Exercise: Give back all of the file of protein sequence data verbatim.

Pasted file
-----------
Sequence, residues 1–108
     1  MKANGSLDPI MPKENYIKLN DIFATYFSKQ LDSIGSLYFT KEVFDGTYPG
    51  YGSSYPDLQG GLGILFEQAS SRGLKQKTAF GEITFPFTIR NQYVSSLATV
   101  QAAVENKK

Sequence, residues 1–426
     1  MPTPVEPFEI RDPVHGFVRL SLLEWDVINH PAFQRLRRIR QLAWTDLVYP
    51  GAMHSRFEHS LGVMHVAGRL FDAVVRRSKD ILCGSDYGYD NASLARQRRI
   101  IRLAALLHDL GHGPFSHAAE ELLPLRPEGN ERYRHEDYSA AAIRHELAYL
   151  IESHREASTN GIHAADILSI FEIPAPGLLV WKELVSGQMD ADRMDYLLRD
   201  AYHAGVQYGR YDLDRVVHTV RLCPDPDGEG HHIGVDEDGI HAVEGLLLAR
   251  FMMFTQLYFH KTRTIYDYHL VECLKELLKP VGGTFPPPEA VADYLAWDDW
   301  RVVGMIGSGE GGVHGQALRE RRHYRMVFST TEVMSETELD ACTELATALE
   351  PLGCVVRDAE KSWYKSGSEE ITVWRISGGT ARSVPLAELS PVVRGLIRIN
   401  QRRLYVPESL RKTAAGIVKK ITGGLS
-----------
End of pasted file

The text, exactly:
Sequence, residues 1–108
     1  MKANGSLDPI MPKENYIKLN DIFATYFSKQ LDSIGSLYFT KEVFDGTYPG
    51  YGSSYPDLQG GLGILFEQAS SRGLKQKTAF GEITFPFTIR NQYVSSLATV
   101  QAAVENKK

Sequence, residues 1–426
     1  MPTPVEPFEI RDPVHGFVRL SLLEWDVINH PAFQRLRRIR QLAWTDLVYP
    51  GAMHSRFEHS LGVMHVAGRL FDAVVRRSKD ILCGSDYGYD NASLARQRRI
   101  IRLAALLHDL GHGPFSHAAE ELLPLRPEGN ERYRHEDYSA AAIRHELAYL
   151  IESHREASTN GIHAADILSI FEIPAPGLLV WKELVSGQMD ADRMDYLLRD
   201  AYHAGVQYGR YDLDRVVHTV RLCPDPDGEG HHIGVDEDGI HAVEGLLLAR
   251  FMMFTQLYFH KTRTIYDYHL VECLKELLKP VGGTFPPPEA VADYLAWDDW
   301  RVVGMIGSGE GGVHGQALRE RRHYRMVFST TEVMSETELD ACTELATALE
   351  PLGCVVRDAE KSWYKSGSEE ITVWRISGGT ARSVPLAELS PVVRGLIRIN
   401  QRRLYVPESL RKTAAGIVKK ITGGLS